NBA Draft: Stuckey in the Middle

By David Scott - June 27, 2007

NEW YORK - The one-name guys were hogging all the attention a the tables set up for Wednesday's pre-draft interviews with the media. Yi had what appeared to be half of China trying to get him on video and shoving microphones in front of him. Joakim was doing what a rock star's son should do - mug for the cameras and fill notebooks. Greg, Kevin and even Spencer were all getting their own levels of love and fawning.

But Rodney Norvell Stuckey sat at a mostly empty table in the middle of the Westin's Majestic Ballroom and soaked in the whole scene. He too could probably have gone by one name. But that name would have been "Who?"

"This whole process is ridiculous," said the 6-foot-5, 205 pound combo guard, who left Eastern Washington after two seasons where he averaged 24 points each year. "I'm never going to experience nothing like this ever again. I'm just taking it in."

In due time, Stuckey will be taken in by an NBA team - the No. 15-picking Detroit Pistons and their small school GM Joe Dumars (McNeese State) are supposedly quite enamored with the Kent, Washington native - and at that point he will have the chance to go from "Who?" to "Hot Rod!," the nickname the 21-year-old has had since his early teens. He may have seemed out of place or overmatched in a room filled with household college basketball names, but the guess from seasoned NBA observers is that Stuckey will do more than just stick in the NBA.

"I've been getting (the question of whether playing at a mid major hurts his chances) ever since this process started," said Stuckey, the Big Sky's MVP in his freshman season and a two-time honorable mention all-America. "But I think I've proven myself, I'm here for a reason, right? I know I can play with the best, I've proven it throughout my workouts and I did a pretty good job at the combine.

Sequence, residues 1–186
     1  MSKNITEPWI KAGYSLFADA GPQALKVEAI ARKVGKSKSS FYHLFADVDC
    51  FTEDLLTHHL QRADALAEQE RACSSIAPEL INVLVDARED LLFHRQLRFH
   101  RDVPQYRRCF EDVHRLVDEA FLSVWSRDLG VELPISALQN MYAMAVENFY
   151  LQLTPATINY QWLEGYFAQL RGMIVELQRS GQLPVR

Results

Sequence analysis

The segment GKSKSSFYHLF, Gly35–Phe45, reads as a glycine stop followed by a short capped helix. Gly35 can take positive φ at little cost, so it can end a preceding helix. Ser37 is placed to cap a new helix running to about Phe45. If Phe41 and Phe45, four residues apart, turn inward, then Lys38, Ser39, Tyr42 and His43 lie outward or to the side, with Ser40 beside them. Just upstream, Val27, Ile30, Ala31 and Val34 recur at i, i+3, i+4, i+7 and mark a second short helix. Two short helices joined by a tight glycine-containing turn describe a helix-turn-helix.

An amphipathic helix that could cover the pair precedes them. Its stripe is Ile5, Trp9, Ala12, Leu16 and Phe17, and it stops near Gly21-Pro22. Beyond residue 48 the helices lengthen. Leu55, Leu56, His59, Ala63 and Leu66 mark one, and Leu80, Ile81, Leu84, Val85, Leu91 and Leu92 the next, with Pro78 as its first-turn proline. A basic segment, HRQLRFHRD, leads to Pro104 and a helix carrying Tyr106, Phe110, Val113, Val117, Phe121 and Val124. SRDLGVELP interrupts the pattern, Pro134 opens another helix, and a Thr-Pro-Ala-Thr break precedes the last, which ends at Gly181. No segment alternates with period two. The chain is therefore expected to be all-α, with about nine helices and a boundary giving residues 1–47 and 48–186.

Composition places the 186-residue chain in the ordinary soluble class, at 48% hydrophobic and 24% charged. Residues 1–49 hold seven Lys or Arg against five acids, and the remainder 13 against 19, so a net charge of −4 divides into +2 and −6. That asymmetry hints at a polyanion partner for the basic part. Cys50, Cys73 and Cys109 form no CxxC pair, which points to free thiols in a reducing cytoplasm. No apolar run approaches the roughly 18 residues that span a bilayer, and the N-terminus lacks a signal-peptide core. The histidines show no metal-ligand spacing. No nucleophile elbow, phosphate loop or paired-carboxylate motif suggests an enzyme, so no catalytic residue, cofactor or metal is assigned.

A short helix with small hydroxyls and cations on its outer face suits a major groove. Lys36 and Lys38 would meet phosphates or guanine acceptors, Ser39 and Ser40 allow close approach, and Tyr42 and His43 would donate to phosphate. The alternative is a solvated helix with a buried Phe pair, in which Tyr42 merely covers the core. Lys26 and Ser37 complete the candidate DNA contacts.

"I'm a combo guard and I can play the one or two and that's what this draft is lacking this year and that's what teams like," he said, hitting on a key distinction between him and a bevy of the pass-only guards on the board. "They like a guy that can set the offense up or can come off screens and create for my teammates and myslf. I'm in this poisition (among the Top 15 or so players) for a reason and the feedback has been good."

It may not have been good enough to create the buzz around Stuckey that will make him a one-namer like Oden or Durant, but the confident and engaging Stuckey seems to thrive on that under-recognition.

"I always have a chip on my shoulder," said the second youngest of seven children who counts similarly spunky Dwyane Wade as his favorite NBA player. "That's the type of player you need to be. You need to have a little bit of confidence and a little cocky to you in order to be a great player. I just bring it. I know i can play with the best and I've got to show it, that's whay I have a chip on my shoulder coming form a small school, people don't know who I am and what I can do."

Soon enough that "Who?" could very well become "Stuckey." One name will be more than enough.

. . . For a wonderful take on Stuckey's upbringing in Kent, check out blended family story by Percy Allen's Seattle Times piece.

On Wednesday, Stuckey said: "Growing up wasn't so easy for me, living house to house and stuff like that. My family is important to me."

Posted by David Scott at 06:58 PM on June 27, 2007

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